After reading Vertigo and The Disappearance of Signora Giulia, both books from Pushkin Press’s new Vertigo imprint, I couldn’t resist plunging into She Who Was No More. For film fans, She Was No More was made into Les Diaboliques–a far more appropriate title for a wicked tale of adultery, devilish deception and murder
The book opens with travelling salesman Ferdinand Ravinel waiting, with his mistress, Lucienne, for the arrival of Ravinel’s wife Mireille. Lucienne has lured Mireille to this spot, a house in Nantes, in order to murder her. Ravinel and Mireille have only been married for five years, and this cold, calculating plot to murder Mireille and collect the life insurance has consumed the last two of those years. After they collect the insurance money, the plan is that Lucienne & Ravinel will move to Antibes where Lucienne, a doctor, will then buy a medical practice. But Ravinel is supposed to get a payoff too:
He gazed at a shining carafe which magnified a piece of bread till it looked more like a sponge. Antibes … A smart shop–for he was to set up on his own too. In the window would be air guns for underwater shooting and all the gear for frogmen. Rich customers. And, with the sea in front and the sunshine, your mind would be full of pleasant, easy thoughts that didn’t make you feel guilty. Banished the fogs of the north. Everything would be different. He himself would be a different man. Lucienne had promised he would. As though seeing the future in a crystal, Ravinel saw himself sauntering along the beach road in white flannels. His face was tanned. People turned to look at him.
Lucienne met Mireille, became her physician, and even moved in with the married couple at one point. Imagine the married couple, Ravinel and Mireille, as a fundamentally unhealthy organism and Lucienne as the disease that moves in and takes over. Lucienne is a repellent character–utterly cold-blooded, a seemingly nerveless creature, and yet underneath “her outward coolness, you could see she was strung up and anxious.”
Strange how unfeminine she was. Even when they made love… How had she ever became his mistress? Which of them had really chosen the other. At first she had taken no notice of him, behaved almost as if he wasn’t there. She had seemed only interested in Mireille and she had treated her more like a friend than a patient. They were the same age, those two.
Obviously Lucienne, who has a much more forceful personality than Ravinel, appeals to his worst characteristics. An underachiever, he’s weak and unhappy with his life for reasons he can’t identify. He describes Mireille as a “nice little thing. Insignificant, however,” and yet from Ravinel’s thoughts, we get a picture of a woman who’s a good wife and rather pleasant (much more pleasant than Lucienne). Ravinel doesn’t even like Lucienne; she has several habits he loathes–including the way she devours her meat almost raw. There’s none of the grand passion/lust found in other stories with a similar frame–I’m thinking here of The Postman Always Rings Twice or Double Indemnity. For Ravinel, sex with either Lucienne or Mireille is a bit of a let-down. With Lucienne, sex is almost surgical; it’s “brief, hasty intercourse, sometimes on a consultation room couch, within a yard of an enameled trolley on which stainless-steel instruments were laid out under a sheet of gauze.”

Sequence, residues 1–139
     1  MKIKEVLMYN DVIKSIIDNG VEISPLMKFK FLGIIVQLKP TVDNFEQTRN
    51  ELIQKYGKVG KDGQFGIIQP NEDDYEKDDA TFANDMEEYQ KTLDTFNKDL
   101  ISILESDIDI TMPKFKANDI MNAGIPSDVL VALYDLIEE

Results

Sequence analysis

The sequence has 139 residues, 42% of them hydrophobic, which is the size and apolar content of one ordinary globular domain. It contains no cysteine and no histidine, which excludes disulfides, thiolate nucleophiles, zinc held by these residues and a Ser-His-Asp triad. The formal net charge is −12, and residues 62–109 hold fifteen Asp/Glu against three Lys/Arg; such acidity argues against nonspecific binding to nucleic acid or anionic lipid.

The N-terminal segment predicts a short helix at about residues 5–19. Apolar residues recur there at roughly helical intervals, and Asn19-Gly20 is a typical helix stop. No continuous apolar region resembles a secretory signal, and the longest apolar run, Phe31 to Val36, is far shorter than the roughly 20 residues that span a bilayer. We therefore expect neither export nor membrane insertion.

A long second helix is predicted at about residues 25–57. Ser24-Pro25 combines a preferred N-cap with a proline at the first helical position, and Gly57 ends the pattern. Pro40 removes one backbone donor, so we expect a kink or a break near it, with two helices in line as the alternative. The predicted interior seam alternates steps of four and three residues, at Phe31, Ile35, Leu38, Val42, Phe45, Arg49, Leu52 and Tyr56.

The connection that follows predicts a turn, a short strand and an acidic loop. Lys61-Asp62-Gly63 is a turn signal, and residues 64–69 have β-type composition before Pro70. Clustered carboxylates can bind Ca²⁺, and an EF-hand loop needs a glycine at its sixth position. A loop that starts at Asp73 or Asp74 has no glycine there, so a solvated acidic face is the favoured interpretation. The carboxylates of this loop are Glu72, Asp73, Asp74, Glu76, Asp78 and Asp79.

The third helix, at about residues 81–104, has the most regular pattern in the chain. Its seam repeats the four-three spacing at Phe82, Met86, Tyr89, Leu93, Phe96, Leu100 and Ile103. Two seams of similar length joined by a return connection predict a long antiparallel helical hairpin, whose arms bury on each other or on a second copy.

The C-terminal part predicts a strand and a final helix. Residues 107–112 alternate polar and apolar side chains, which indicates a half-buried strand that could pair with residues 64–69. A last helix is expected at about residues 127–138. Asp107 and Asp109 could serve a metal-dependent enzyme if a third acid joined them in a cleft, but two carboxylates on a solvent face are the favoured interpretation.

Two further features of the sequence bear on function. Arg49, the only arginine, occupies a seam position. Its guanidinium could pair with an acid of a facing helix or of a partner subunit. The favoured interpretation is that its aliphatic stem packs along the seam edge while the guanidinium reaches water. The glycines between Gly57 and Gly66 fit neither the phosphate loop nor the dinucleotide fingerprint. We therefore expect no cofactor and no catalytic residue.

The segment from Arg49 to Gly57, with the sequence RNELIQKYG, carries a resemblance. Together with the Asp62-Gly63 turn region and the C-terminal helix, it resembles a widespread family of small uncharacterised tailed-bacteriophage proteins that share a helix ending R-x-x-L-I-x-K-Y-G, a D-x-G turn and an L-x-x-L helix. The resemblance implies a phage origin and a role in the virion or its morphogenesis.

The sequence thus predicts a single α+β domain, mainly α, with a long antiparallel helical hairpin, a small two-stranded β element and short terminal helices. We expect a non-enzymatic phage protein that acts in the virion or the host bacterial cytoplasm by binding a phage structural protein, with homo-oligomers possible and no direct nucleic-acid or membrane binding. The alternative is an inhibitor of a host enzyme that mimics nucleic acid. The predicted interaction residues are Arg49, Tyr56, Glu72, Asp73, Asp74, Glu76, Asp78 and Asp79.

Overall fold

On the sexual side, things had not gone any better with Mireille than with Lucienne. Possibly it was his own fault. Lack of experience. Or had it been his luck to come upon nothing but frigid women. Mireille had done her best to pretend, but he had never been taken in. She had remained completely unmoved, even when she had clutched at him with an ardor that was meant to be ecstatic. As for Lucienne, she had never bothered to pretend. Love-making left her cold, icy cold, if it didn’t positively irritate her. That was the difference between them. Mireille took her duties seriously, and it was a wife’s duty to respond in the flesh. Strange that she couldn’t succeed. She was so feminine, so human, that there ought to have been a streak of sensuality in her somewhere.
Ravinel has a wife he likes but he undervalues and a mistress he’s terrified of disobeying. Quite a dilemma for the man who plans to murder the former in order to be with the latter.
The emphasis in She Who Was No More is on the psychological aspects of murder, and we see the story through Ravinel’s perspective as he rationalizes and justifies his actions. At one point, he says that in a way, it’s Mireille’s “own fault” they have to murder her after which he immediately tries to make himself the victim while carrying her unconscious body. Murdering Mireille is just a way, or so Ravinel thinks, of reinventing himself into the man he’d like to be. Once the crime is committed, everything begins to fall apart, and Ravinel, already established as an inherently weak character, finds himself, with increasing paranoia, resorting to a childhood vision of the “next world.”
We’re not meant to like anyone here, and it’s that total lack of sentiment which allows the reader to toss aside sympathy and pity and instead concentrate on the puzzle and the paranoia in this tale of the survival of the most wicked.